The Jihadis‘ are again playing victims on TV debates, and as usual, getting away with it, as nobody makes few simple points to them:
- Even if the Jamatis had gathered against the Delhi Government by-then in force social distancing rules, they would not have been made as villains if they had not to been spiting out the windows of the buses which carried them to quarantine centres, had not undressed in front of the nurses, had not been to spiting on the doctors, had not relieved themselves all over and everywhere, had not tried to run away from quarantine.
- Once it became known that Markaz had infected people, Jamatis all over India should have come forward, including their contacts. Instead they hid, and attacked police and health workers whenever they were located.
Human beings are supposed to be in control of themselves and are therefore responsible for their actions.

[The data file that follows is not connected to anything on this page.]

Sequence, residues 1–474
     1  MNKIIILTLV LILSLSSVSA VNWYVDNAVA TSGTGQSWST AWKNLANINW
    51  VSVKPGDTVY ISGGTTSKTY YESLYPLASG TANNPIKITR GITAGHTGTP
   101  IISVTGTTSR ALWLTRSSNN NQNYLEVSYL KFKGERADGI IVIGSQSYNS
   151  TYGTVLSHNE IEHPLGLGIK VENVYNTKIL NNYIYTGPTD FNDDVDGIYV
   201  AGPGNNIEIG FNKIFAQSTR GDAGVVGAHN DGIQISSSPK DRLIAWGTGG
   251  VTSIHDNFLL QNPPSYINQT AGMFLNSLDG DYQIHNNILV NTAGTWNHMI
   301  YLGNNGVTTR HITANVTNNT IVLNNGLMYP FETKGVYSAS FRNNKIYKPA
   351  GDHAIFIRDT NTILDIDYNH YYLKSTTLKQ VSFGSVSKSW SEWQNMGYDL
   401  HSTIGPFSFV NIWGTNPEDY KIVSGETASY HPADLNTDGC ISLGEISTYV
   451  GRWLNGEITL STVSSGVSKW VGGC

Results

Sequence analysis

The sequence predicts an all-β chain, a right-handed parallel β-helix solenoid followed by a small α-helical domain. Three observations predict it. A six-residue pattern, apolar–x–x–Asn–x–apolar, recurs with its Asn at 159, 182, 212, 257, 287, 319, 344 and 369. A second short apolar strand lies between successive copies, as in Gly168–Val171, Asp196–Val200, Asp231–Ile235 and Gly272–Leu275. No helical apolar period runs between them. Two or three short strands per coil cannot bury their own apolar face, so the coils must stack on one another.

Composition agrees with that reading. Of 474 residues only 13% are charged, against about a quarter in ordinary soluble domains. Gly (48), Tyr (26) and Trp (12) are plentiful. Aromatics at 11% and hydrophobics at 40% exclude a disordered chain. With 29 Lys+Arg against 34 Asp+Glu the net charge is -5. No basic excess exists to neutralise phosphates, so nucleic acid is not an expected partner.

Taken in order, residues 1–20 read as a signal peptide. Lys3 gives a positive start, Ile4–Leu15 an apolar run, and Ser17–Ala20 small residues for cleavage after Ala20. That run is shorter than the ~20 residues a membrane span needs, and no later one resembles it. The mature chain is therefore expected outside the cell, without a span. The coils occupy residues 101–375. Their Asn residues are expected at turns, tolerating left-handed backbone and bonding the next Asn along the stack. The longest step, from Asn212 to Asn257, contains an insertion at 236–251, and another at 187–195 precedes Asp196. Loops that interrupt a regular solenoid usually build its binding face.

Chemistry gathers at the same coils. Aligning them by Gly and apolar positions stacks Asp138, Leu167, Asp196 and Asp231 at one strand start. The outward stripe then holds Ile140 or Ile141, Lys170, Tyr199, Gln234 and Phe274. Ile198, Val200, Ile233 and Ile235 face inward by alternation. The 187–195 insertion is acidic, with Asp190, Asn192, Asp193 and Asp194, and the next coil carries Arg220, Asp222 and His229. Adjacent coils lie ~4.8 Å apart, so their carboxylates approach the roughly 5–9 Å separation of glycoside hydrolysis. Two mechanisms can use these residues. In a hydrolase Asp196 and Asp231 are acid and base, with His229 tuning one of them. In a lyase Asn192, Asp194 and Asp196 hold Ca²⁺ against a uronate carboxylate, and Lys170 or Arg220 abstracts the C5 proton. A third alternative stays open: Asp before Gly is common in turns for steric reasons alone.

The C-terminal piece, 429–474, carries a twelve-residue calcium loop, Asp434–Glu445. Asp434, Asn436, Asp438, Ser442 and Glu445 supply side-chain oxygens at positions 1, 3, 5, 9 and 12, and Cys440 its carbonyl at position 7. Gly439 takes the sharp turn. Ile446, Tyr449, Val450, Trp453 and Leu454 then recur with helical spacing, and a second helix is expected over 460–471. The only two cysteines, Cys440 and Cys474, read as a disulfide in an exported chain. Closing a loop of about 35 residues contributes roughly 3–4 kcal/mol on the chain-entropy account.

And TV Jihadis‘ are also using the tyranny of low expectations: Muslims are afraid of doctors as they do not trust them, and therefore they are pelting stones. I remember that in my childhood in my village if veterinary doctors had given injections to buffaloes, the buffaloes then would be afraid of everybody dressed in Western clothes for many weeks afterwards. But they were buffaloes, not human beings.
Ignorance of law has never been a defence. If the law says that you have to be in lockdown and have to allow yourself to be tested whenever doctors deem fit, you have to obey it. And human beings are supposed to be in control of themselves and are therefore responsible for their actions.
Animals do not know our laws, and therefore we do not arrest and charge them for breaking laws. But then we also do not allow animals amidst us if they are likely to harm us. We allow those of them that do not harm us such as cats and dogs, but even the domesticated animals that may harm us are kept in chains. And those which can harm us are not allowed in our villages, towns, and cities. We chase them immediately out, and in extreme cases, we shoot them on sight. Some of them we do keep in our cities for our children to see, but we keep them in cages.
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